A few months ago, I predicted that the Francis pontificate would seek to establish cordial relations with the Rainbow Reich. (See “While We’re At It,” January 2024, composed late November 2023.) In mid-December the Vatican issued the declaration Fiducia Supplicans, vindicating my assessment of the present regime in Rome. The document provides urgent restatements of Catholic teaching on marriage and sexual morality, which of course proscribe gay unions and gay sex. But Fiducia Supplicans advertises itself as a “specific and innovative contribution to the pastoral meaning of blessings.” Its purportedly groundbreaking insights allow the “non-ritualized” blessing of couples in “irregular situations,” a category that includes gay couples. In intent and effect, the new teaching offers a fig leaf to the sexual revolution.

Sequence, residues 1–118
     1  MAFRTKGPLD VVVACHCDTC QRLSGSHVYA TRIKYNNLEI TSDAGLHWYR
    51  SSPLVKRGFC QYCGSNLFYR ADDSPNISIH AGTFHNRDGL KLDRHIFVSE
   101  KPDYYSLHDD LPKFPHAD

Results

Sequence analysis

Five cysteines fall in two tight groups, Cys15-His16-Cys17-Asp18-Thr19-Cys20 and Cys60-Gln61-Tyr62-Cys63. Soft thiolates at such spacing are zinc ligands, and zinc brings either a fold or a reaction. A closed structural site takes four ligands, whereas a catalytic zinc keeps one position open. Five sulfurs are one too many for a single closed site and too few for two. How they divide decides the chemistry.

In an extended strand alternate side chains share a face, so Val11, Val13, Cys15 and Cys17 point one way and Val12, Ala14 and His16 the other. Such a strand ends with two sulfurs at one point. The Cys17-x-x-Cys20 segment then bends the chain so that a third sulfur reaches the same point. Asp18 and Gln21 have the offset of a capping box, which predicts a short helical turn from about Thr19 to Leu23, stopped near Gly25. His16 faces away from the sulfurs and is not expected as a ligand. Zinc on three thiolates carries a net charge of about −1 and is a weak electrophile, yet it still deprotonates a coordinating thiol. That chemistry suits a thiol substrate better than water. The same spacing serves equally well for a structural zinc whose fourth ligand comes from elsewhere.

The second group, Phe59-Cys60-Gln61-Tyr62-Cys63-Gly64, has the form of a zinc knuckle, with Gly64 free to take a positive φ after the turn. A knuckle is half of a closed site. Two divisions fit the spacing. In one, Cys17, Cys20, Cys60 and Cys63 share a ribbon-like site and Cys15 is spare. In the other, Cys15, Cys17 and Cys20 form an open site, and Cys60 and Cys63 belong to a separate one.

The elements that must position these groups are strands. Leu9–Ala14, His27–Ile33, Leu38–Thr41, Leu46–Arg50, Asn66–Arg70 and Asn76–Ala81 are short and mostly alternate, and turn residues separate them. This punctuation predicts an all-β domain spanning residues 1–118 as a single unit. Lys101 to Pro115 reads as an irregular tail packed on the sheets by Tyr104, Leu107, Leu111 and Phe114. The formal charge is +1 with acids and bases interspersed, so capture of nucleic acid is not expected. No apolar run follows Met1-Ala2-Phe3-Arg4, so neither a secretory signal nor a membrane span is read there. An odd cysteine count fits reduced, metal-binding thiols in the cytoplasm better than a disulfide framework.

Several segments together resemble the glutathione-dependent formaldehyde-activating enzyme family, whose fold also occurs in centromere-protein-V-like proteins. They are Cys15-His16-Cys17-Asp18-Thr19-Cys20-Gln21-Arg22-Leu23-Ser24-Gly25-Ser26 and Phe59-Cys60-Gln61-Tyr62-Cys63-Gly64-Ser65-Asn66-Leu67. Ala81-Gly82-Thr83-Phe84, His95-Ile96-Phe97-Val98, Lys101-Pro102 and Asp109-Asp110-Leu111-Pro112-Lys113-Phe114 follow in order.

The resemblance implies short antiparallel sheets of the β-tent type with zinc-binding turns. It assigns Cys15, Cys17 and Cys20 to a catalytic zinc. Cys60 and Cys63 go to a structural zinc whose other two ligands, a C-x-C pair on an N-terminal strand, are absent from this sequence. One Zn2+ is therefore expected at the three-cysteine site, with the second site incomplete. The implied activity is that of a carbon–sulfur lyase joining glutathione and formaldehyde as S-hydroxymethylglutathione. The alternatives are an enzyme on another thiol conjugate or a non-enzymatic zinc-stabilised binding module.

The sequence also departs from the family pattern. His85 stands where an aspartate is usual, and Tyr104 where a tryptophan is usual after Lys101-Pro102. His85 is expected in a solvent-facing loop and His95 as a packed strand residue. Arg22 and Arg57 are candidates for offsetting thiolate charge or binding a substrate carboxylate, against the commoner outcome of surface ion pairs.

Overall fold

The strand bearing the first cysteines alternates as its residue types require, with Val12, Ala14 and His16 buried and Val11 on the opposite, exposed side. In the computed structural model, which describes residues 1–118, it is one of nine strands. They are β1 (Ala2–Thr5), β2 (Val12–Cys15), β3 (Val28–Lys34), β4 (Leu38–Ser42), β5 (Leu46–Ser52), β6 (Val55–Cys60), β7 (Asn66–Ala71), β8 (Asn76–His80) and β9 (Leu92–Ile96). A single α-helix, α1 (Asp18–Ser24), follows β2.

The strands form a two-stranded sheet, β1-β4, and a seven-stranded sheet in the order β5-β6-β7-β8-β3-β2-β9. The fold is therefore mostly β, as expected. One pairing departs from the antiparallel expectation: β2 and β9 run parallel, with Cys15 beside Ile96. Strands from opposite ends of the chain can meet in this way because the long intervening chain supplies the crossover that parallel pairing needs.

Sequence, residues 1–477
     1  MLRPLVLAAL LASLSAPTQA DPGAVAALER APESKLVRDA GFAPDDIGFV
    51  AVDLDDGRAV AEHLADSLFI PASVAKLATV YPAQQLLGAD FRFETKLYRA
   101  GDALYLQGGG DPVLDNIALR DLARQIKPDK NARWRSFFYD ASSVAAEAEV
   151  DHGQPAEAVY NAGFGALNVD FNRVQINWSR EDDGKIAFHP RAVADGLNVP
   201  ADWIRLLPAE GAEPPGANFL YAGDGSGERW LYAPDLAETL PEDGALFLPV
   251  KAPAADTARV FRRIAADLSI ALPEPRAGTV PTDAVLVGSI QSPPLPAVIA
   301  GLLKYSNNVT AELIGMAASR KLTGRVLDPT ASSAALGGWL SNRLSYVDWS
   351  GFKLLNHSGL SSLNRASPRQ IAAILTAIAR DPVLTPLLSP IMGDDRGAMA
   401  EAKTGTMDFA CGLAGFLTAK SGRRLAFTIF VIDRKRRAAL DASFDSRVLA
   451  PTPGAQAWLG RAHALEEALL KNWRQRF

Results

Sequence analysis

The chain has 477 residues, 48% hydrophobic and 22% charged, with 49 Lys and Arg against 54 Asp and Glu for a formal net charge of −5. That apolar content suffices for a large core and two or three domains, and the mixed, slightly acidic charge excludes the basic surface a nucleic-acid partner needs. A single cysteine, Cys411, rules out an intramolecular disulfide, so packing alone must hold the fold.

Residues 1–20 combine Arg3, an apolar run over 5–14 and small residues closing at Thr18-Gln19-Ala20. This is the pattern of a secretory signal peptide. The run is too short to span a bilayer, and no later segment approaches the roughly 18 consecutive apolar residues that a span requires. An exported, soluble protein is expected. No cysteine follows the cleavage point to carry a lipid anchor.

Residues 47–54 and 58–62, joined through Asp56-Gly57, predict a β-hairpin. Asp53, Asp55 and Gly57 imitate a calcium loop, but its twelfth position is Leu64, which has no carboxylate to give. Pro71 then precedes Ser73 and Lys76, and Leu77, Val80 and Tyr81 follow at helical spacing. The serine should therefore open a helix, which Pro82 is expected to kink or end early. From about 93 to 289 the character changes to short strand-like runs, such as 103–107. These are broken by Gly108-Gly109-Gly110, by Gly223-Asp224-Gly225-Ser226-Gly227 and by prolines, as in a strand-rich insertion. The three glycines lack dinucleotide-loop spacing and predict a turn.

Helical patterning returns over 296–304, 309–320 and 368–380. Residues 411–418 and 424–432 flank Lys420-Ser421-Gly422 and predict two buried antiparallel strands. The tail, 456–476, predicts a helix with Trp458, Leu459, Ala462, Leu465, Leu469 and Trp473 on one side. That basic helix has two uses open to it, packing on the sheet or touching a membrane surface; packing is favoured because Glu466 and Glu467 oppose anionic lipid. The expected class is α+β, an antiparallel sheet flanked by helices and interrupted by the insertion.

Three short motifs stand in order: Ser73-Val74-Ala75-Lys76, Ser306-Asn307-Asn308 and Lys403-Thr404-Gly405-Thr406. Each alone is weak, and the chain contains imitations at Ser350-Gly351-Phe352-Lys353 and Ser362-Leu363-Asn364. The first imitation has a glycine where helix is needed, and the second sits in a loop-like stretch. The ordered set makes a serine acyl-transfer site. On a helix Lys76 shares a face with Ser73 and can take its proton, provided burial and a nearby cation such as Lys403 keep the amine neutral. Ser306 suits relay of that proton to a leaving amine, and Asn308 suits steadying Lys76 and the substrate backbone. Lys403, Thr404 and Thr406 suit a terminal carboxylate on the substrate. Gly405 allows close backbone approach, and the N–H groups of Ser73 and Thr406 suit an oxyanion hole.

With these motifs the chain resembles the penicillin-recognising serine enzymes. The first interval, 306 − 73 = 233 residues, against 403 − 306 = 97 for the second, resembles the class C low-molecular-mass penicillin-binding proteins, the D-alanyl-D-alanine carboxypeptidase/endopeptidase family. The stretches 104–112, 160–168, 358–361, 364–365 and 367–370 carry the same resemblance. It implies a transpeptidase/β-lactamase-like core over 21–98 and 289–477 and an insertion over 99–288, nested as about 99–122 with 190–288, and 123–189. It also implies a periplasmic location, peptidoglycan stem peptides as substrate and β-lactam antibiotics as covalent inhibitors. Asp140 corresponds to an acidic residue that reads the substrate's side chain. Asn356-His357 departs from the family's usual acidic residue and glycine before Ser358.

Viewed in terms of the history of moral theology, the teachings of Fiducia Supplicans on priestly blessings recapitulate the perennial debate between rigorism and probabilism, although in a muddy, pastoral way. Under this framework, the document admits of a narrow reading that minimizes (or even eliminates) any suggestion of changes in the Church’s perennial teaching on marriage and sexual morality. Cardinal Müller makes a good case that, even read charitably, Fiducia Supplicans goes beyond probabilism into error. I agree, but my point is different. Whatever one’s assessment of the finer points of moral theology, the notion that nothing important is changed by Fiducia Supplicans ignores ecclesial and social realities.